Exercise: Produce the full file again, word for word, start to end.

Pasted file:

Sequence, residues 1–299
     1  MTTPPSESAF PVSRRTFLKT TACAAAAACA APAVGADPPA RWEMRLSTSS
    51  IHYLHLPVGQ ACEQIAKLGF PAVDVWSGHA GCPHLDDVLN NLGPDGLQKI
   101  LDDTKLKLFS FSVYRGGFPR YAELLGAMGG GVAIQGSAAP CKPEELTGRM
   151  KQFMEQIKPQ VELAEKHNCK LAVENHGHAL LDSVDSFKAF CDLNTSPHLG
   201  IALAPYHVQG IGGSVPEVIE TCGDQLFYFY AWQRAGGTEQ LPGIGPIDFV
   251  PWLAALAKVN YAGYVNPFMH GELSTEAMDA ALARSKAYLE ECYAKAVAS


Sequence, residues 1–299
     1  MTTPPSESAF PVSRRTFLKT TACAAAAACA APAVGADPPA RWEMRLSTSS
    51  IHYLHLPVGQ ACEQIAKLGF PAVDVWSGHA GCPHLDDVLN NLGPDGLQKI
   101  LDDTKLKLFS FSVYRGGFPR YAELLGAMGG GVAIQGSAAP CKPEELTGRM
   151  KQFMEQIKPQ VELAEKHNCK LAVENHGHAL LDSVDSFKAF CDLNTSPHLG
   201  IALAPYHVQG IGGSVPEVIE TCGDQLFYFY AWQRAGGTEQ LPGIGPIDFV
   251  PWLAALAKVN YAGYVNPFMH GELSTEAMDA ALARSKAYLE ECYAKAVAS